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Nike Spikes Handmade By Co-Founder With Early Logos Estimated To Sell For $1.2M
By Mikelle Leow, 09 Jul 2021
Image via Sotheby’s
These Nike sneakers don’t have that perfect ‘swoosh’ logo, but they’re not knockoffs either. And they’re worth about a million dollars.
With Olympic fever on a high, auction house Sotheby’s is celebrating the games with a special Olympic Collection sale, set to open on July 23—the same day as the Tokyo 2020 Olympics’ Opening Ceremony. Among the prized items to look out for is a scruffy pair of track and field spikes handmade by Nike co-founder Bill Bowerman.
The rare footwear, designed by Bowerman in the 60s and altered in the 70s, is notably emblazoned with four “prototype logos” at its sides. They’re not quite the multimillion-dollar checkmark you know and love, and appears more like arrows.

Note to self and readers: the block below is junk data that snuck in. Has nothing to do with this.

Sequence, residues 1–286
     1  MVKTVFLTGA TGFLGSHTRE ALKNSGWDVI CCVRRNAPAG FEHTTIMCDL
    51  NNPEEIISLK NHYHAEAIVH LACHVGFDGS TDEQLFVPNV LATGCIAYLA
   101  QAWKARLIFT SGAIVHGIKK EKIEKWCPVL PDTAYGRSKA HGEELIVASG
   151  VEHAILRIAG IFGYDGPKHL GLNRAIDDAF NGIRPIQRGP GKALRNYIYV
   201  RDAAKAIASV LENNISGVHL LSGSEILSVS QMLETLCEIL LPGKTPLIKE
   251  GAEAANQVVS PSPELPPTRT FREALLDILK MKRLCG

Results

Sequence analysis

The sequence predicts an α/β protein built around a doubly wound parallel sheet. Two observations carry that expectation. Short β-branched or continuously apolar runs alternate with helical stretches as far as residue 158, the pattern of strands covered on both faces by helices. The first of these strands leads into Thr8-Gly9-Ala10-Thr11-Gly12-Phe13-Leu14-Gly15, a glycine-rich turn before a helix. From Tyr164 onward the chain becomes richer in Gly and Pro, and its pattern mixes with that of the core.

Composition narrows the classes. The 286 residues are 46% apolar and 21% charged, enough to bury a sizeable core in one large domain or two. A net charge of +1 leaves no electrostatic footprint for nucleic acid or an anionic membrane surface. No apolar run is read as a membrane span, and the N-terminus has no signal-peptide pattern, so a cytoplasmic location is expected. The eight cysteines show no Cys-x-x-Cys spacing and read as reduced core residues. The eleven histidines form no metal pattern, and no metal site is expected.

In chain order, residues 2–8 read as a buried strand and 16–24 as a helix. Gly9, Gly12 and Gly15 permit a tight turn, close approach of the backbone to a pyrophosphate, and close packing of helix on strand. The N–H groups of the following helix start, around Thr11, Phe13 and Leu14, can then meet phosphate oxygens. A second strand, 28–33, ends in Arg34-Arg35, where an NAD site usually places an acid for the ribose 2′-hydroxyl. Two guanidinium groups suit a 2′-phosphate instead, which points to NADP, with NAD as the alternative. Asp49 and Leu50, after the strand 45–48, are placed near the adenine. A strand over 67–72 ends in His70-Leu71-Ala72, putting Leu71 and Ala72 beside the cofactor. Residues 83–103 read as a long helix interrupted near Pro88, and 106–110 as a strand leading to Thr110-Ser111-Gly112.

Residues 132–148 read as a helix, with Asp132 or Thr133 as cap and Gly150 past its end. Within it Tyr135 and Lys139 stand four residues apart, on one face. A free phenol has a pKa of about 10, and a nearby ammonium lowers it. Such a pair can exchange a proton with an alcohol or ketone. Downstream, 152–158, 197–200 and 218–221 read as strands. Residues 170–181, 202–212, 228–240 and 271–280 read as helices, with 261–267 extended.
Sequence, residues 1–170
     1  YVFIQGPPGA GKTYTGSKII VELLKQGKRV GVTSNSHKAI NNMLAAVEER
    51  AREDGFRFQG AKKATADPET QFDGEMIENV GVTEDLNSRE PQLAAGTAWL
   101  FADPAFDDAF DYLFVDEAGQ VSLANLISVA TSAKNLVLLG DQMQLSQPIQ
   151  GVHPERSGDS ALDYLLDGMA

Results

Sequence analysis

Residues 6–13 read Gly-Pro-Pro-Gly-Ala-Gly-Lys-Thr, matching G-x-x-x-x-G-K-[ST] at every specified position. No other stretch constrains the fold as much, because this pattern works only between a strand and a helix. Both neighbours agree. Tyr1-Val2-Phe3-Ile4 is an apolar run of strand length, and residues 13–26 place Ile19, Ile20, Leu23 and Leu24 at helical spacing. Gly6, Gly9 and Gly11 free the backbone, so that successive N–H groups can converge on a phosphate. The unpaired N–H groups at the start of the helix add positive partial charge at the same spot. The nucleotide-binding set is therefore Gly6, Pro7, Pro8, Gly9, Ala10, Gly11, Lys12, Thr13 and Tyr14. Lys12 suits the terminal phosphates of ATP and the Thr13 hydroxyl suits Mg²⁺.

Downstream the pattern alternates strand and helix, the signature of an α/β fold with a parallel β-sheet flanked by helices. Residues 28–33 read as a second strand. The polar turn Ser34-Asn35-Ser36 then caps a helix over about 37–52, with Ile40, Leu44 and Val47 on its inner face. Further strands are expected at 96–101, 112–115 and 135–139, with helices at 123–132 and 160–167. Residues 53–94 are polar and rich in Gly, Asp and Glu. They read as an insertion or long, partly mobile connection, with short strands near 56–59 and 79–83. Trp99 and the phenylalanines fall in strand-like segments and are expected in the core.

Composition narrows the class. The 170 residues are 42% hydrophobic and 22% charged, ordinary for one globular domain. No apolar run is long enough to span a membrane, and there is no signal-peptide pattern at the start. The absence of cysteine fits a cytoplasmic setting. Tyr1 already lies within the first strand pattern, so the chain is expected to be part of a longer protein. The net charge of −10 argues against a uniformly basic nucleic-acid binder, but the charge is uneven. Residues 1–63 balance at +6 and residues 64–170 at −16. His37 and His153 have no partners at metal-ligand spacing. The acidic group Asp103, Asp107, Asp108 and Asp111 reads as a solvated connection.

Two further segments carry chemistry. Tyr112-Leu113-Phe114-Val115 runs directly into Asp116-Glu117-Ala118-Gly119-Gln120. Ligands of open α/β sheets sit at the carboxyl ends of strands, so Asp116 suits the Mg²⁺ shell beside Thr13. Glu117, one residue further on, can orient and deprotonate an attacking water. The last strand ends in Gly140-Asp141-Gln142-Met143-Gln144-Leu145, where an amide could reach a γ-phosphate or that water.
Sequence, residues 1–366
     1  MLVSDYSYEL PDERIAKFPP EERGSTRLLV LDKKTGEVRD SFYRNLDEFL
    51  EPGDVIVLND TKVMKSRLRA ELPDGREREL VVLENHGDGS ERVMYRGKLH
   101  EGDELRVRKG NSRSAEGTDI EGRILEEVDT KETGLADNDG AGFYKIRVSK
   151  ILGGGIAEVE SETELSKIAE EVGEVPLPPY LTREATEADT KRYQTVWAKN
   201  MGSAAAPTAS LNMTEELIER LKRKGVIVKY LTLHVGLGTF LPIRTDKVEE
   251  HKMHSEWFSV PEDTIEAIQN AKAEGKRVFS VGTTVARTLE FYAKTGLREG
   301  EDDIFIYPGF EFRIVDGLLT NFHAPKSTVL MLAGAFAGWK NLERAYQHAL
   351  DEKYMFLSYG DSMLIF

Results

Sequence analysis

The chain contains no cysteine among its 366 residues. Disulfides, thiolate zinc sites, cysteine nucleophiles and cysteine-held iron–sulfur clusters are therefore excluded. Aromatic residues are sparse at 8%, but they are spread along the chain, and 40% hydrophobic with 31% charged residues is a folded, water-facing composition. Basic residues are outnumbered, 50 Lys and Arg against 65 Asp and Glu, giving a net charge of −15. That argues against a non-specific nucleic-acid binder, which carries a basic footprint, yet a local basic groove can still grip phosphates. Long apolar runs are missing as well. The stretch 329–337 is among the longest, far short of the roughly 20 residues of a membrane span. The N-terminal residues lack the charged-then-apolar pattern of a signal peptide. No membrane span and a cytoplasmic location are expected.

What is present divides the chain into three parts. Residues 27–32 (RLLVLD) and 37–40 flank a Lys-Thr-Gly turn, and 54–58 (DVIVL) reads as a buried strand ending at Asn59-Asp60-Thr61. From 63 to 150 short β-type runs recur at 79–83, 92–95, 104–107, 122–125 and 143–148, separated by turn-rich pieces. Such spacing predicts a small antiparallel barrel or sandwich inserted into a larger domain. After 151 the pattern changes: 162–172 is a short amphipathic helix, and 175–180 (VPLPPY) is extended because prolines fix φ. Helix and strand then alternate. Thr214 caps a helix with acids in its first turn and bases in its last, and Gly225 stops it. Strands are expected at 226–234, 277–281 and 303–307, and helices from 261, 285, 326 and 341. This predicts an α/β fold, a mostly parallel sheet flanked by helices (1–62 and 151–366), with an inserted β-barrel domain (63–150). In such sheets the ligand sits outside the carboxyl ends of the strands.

The symbols “show Bowerman experimenting with the concept of a brand, and happen to bear a remarkable resemblance to the now famous Nike Swoosh,” Sotheby’s describes.
The shoes were intended for Canadian track and field sprinter and Olympian, Harry Jerome, and feature the first-of-their-kind Waffle soles.
Bowerman, then a track-and-field coach at the University of Oregon, had stressed over watching his athletes’ metal cleats get damaged at the school’s brand-new track. Years later, he found his solution to a shoe that could gain traction even in bad weather… while having waffles for breakfast with his wife.
The spikes are anticipated to sell for US$800,000 to US$1.2 million, an estimation expectedly motivated by their extreme rarity. “Very few pairs are known to exist, one of which is held at the Special Collections and University Archives of the Knight Library at the University of Oregon,” Sotheby’s explains.
[via CNN, images via Sotheby’s]
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